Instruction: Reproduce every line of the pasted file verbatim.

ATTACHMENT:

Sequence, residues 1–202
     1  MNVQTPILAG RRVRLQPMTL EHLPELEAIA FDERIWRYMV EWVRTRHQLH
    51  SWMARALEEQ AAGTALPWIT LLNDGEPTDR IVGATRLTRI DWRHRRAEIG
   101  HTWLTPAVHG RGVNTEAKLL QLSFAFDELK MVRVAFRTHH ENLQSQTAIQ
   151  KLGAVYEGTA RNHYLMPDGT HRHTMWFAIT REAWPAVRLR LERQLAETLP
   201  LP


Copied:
Sequence, residues 1–202
     1  MNVQTPILAG RRVRLQPMTL EHLPELEAIA FDERIWRYMV EWVRTRHQLH
    51  SWMARALEEQ AAGTALPWIT LLNDGEPTDR IVGATRLTRI DWRHRRAEIG
   101  HTWLTPAVHG RGVNTEAKLL QLSFAFDELK MVRVAFRTHH ENLQSQTAIQ
   151  KLGAVYEGTA RNHYLMPDGT HRHTMWFAIT REAWPAVRLR LERQLAETLP
   201  LP